A panoply of visual forms and likenesses inspired artist Tom Lock to make Underwater Empire. These include nineteenth century scientific drawings of sea creatures by Ernst Haeckle, the repetitive visual rhythms of Islamic geometry and the tessellated patterns of ceramic tiles often seen decorating the streets and houses around Southern Europe. Starting out by painting each individual frame of the spinning mandala by hand, Lock developed the animation alongside the composition of an original soundtrack by musician Rudi Schmidt. The relationship of sound and image is inseparable as the evolving forms of the mandala playfully interact with the different phases and tones of the musical score. This short film surges with movement and energy emoting the same spirit of discovery of Haeckle’s drawings and the immersive effect of walking through Moorish streets and architecture animated with colourful shapes and patterns.
Underwater Empire - Extract
The Source Has Spoken
The Source Has Spoken is a symbolic tale set in a simplified graphic landscape of psychedelic colours and dull TV static. The work was developed through subjective reflection on the aesthetics of children's TV from the 80's to 90's and contemporary HD animation and video glitching. Ambiguous characters enact fragments of meaning in a child like story book fashion.
The Source Has Spoken - Extract
Memory Theatre takes as it's starting point a personal reflection on my memory of cartoons, films, online videos and music. The material used in the work ranges from reflections on my childhood in the 80's through to the present day. Collage and cut up techniques run throughout the editing creating confusing and psychedelic relationships within the visual and sonic content. Video is broken down through pixelation whilst layers of imagery, sound and live action are merged together.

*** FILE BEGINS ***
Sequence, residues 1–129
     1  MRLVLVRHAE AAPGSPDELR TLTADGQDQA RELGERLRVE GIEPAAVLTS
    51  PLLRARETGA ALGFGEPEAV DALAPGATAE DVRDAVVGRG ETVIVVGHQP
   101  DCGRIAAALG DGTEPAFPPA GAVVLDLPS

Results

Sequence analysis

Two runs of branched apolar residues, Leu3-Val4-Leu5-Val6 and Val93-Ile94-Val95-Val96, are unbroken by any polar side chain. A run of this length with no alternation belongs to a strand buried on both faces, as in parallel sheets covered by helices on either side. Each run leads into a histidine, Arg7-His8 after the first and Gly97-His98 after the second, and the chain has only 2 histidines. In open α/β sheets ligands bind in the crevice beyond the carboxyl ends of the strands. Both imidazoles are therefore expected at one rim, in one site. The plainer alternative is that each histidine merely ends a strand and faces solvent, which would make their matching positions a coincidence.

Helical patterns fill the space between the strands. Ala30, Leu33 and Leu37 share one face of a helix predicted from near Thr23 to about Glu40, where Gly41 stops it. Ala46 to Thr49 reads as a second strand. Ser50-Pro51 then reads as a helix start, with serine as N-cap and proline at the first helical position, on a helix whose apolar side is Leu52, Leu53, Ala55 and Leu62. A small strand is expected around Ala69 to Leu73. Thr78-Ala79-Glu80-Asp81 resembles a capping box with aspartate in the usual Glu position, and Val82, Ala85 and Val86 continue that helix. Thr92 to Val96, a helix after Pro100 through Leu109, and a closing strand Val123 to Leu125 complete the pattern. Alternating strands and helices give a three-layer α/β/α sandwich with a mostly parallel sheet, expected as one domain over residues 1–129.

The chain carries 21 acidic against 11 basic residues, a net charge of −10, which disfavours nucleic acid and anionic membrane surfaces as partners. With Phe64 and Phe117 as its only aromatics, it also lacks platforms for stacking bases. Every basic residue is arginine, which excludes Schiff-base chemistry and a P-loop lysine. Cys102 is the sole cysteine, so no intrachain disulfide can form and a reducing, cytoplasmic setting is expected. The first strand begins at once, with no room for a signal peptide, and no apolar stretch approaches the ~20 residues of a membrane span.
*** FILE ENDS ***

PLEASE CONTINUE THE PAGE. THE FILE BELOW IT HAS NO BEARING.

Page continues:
Memory Theatre - Extract
Mighty Diamond Light Source
Mighty Diamond Light Source
Breaking Points (2010) is a time-based video collage of sound and images recorded on the northern coast of France where bunkers built during the second world war dominate the landscape. The grand melancholic photographs of the weather-beaten bunkers have been coded in such a way so that they are randomly selected from a bank of hundreds and so that new combinations of images are continuously generated. The result is a work, which, just like the topography surrounding the bunkers, endlessly destructs and constructs itself. Breaking Points was produced by Le Fresnoy (FR) and is a collaboration between Thomas Lock, Hellicar & Lewis and Robin Rimbaud (Scanner).
Breaking Points - Extract
BODY DYSFUNCTIONAL is an audio-visual architectural motion study. All the visual and sonic elements of the film were recorded in an abandoned children’s hospital in east London. The camera – guided by the architecture of the children’s hospital – moves through many rooms, slowly revealing the remnants of a building that once was a fully functioning institution. Looking and listening in their purest phenomenological sense become the main vehicles for experiencing BODY DYSFUNCTIONAL. The viewer is presented with a journey that discreetly pulls them in and out of the filmic experience. This is accompanied by an underlying investigation into the impermanence and fragility of man made structures. The validity of the architectural journey that the film reveals and the identity of the probing camera are left ambiguous and open for interpretation by the viewer. This work was produced by Le Fresnoy Studio National Des Arts Contemporains and in close collaboration with sound artist Adam Asnan. Producer: Amélie Dubois, Director of Photograpy: Nick Gordon Smith, Focus Puller: Joe Maples, Steady Cam Operator: Benedict Spence, Clapper Loader: Dan Tubby, Lighting: Louis Henderson.